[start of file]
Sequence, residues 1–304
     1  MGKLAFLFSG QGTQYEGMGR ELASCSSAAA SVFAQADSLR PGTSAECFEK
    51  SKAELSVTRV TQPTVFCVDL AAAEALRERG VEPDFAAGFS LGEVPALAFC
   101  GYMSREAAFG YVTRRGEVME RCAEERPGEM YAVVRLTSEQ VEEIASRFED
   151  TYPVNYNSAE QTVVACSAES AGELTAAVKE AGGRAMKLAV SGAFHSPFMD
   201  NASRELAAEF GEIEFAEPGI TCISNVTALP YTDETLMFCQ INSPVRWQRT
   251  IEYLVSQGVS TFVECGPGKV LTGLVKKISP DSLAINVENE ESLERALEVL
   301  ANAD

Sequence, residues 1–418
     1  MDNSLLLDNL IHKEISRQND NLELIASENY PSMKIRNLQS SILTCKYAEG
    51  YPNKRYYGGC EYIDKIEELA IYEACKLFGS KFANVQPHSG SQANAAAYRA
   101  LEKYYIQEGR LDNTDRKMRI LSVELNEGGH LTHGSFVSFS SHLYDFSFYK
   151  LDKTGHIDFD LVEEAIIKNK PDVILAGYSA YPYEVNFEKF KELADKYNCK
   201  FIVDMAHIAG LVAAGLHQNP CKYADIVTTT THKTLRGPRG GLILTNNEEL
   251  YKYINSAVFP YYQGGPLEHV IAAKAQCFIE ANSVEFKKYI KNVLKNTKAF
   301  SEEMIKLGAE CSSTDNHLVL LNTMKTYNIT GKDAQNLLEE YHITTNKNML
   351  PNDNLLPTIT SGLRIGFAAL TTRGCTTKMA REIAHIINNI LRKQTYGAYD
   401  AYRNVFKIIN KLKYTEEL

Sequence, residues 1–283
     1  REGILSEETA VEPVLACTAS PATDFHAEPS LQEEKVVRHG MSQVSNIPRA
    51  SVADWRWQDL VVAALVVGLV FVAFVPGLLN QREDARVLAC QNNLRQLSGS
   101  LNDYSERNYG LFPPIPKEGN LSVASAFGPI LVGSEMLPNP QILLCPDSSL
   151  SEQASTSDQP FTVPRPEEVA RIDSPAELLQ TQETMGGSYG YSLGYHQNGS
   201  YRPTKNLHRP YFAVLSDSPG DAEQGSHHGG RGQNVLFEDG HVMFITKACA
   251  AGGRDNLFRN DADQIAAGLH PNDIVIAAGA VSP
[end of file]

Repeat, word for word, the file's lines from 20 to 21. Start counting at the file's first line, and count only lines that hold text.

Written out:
     1  REGILSEETA VEPVLACTAS PATDFHAEPS LQEEKVVRHG MSQVSNIPRA
    51  SVADWRWQDL VVAALVVGLV FVAFVPGLLN QREDARVLAC QNNLRQLSGS